To make it simple, we indicate a specific diagram layer — marked in purple text — to help guide artists and teams towards more accessible options as they develop their goals and desired outcomes in the metaverse.
Again, these provide examples from our research interviews to be used as inspiration and as starting points for your own metaverse explorations; they are not a comprehensive list, and we encourage additions and fact-checking to our research as new projects and use cases arise. In fact, many of the partners we identify in the diagram are themselves working through the process of defining their own metaverse-related goals and how to solve for them in the current moment — which speaks to how emergent and malleable this landscape still is, for those who have the penchant to experiment within it.
As mentioned above, we suggest starting with selecting a top-level goal towards the outside of the diagram, and then work inwards from there toward the center, using the purple text as a way to see exactly what opportunities we uncovered – and, in some cases, who the artist and their partners were.
Along the way, we learned a few things:
Engaging existing fan communities comprises not only a key value proposition of the metaverse, but also the most accessible entry point for independent artists today, in terms of the tools available to spin up a solution right now. Indie artists also tend to have more direct relationships with their fans compared to major celebrities with larger teams — giving the former group an inherent advantage here when it comes to experimenting with the scope of the artist-fan connection in virtual environments.
Many of the actions for monetizing IP are also accessible to indie artists, especially given that the rights and licensing ecosystem they have to deal with is not as complex as that of their major-label counterparts. One very accessible example that stands out here is the creation of wearables and/or NFTs for sale around metaverse performances or music experiences. In metaverse platforms like Voxels or Decentraland, it’s fairly simple to learn how to create verch (for instance, using the MagicaVoxel editor for Voxels wearables) or to bring music NFTs into these platforms to sell to excited fans. That said, it’s important to note that artists might not have as much control over how that IP is subsequently used in metaverse environments (in the spirit of more open UGC).
Creating and adapting IP is also accessible to indie artists in the sense that many of the tools we identified integrate with artists’ existing creative workflows at source. That said, some actions such as building bespoke immersive/mixed-reality experiences and virtual venues require filling key skill gaps in areas like 3D design and software engineering that not all artists have — making team-building in the metaverse just as important as in the traditional music industry. Indeed, there are services out there such as Lexicon Devils and Bitrees that can help with full-service metaverse build and event production at a relatively low cost to the artist.
Finally, the goal of getting discovered and growing your audience offers a mixed level of accessibility across the many paths available. Whereas performing across regular series and showcases like the Metaverse Music Fest, which prioritizes more open virtual worlds (e.g. Decentraland and Voxels), are more accessible paths for artists just beginning to explore the metaverse, other opportunities like licensing music to AAA games like Grand Theft Auto are much more gated and oriented towards established, major-label artists. Likewise, while gaming platforms like Roblox and Fortnite can have a significant impact on subsequent ecommerce revenue, social audience growth, and streaming consumption growth for the artists they feature, such opportunities are limited to a small number of independent and major labels for now, as we covered in Part 2 of our Season 2 report.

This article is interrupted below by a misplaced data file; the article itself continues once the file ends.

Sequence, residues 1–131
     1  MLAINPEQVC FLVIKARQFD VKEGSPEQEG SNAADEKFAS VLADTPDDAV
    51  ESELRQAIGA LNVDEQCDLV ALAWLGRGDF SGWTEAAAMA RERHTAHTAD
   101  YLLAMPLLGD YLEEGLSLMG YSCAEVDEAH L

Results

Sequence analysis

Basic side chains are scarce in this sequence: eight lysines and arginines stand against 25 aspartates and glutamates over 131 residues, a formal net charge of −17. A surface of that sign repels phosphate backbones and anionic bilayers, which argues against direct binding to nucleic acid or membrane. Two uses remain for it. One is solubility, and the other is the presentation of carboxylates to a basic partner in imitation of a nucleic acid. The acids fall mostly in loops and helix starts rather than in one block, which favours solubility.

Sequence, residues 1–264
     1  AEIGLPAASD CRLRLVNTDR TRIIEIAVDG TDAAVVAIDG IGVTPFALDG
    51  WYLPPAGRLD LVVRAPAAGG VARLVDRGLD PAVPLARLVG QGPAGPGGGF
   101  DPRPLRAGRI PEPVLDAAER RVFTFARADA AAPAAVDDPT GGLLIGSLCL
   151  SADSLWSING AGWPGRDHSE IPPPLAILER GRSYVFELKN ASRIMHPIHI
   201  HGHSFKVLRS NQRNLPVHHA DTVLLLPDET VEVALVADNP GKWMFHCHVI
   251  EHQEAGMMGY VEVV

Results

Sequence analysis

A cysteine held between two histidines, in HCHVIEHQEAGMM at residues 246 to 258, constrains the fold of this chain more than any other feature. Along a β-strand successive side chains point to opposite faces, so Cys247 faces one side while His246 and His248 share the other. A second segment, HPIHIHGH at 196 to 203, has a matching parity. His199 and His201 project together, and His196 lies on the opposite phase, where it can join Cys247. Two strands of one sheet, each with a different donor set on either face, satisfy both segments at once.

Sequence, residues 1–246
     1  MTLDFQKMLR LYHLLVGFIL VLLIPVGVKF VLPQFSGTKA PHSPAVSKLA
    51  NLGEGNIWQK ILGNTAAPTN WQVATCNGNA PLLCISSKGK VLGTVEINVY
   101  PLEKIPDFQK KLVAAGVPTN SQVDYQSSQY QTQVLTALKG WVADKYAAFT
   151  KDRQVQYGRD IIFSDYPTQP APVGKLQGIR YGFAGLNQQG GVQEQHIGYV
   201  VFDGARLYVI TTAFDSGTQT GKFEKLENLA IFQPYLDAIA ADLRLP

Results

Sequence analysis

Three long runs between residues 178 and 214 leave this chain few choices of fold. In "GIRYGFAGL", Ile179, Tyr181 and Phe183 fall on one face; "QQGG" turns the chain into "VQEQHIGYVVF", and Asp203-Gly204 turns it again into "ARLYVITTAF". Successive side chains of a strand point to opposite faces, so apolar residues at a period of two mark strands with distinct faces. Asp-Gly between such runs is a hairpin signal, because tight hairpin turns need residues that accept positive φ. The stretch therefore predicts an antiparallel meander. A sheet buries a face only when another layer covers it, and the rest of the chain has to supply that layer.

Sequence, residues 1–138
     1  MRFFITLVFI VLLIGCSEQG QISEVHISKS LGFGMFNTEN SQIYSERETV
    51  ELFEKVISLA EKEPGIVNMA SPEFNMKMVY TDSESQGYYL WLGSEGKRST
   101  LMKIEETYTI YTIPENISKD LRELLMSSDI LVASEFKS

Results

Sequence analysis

As in any industry, this challenge also presents an opportunity for interested developers and platforms to add genuine value to artists’ careers, and to meaningfully extend what is possible in the musical metaverse. As an emerging artist with a budding fanbase, there are especially interesting opportunities to grow that fanbase by bringing them into musical worlds that they can also help to build themselves. This reframes incumbent industry power dynamics by putting the artist and their community at the center, as the key, pivotal stakeholder around which the music metaverse platforms of the future revolve.
SEASON 2 CONTRIBUTORS
👑 🧠 🎙️ 🔎 Brodie Conley, Chrissy Greco, Cherie Hu, Yung Spielburg, Tom Vieira
👑 🧠 💻 🔎 Alexander Flores
🧠 🎙️ 🔎 Katherine Rodgers, Kristin Juel, Lindsey Lonadier, Maarten Walraven
🧠 🤝 🔎 Panther Modern
🧠 🔎 Chinua Green, Julie Kwak, Mat Ombler, Tony Rovello, Demi Wu
🤝 🔎 Abhijit Nath, Christina Calio
🎙️ Dorothée Parent-Roy, Brooke Jackson, Cosmin Gafta, Diana Gremore, Duncan Byrne, Eric Peterson, JhennyArt, Josh Dalton, Mary Maguire, Muñeca Diaz
🔎 Natalie Crue, Robin Lynn, Chris Nunes, Gabriel Appleton, Jonathan Larson, Yanti
💻 Ana Carolina
🤝 Alex Kane, Anne McKinnon, Coldie, Dan Radin, Dani Balcells, Daouda Leonard, Deborah Mannis-Gardner, Dylan Marcus, Ernest Lee, EZ, Gavin Johnson, Greg LoPiccolo, Ian Prebo, Jacqueline Bosnjak, Jaguar Twin, Jillian Jones, Jon Vlassopulos, Jonathan Mann, Josh Hubberman, Keatly Haldeman, Margaret Link, Meredith Gardner, Mike Darlington, Peacenode, Portrait XO, Rohan Paul, Roman Rappak, Shawn Ullman, Shelley Van, Soundromeda, Spinkick.eth, Stacey Haber, Tim Exile, Tropix, Vandal, Wackozacco, Wagner James Au
🎮 Alexander (15), Jackson (15), Vondell (18), Ava (8), Noah (14), Olivia (6), Toma Zaharia (10), Valentina (14), Luca Zaharia (14)
👑 Project leads
🧠 Meta-synthesis analysts + writers + editors
💻 Tech + visual design
🔎 Project development + background research
🤝 Interviewees + meetup/demo guides
🎮 Young gamer interviewees — all connected to us through W&M members 🙂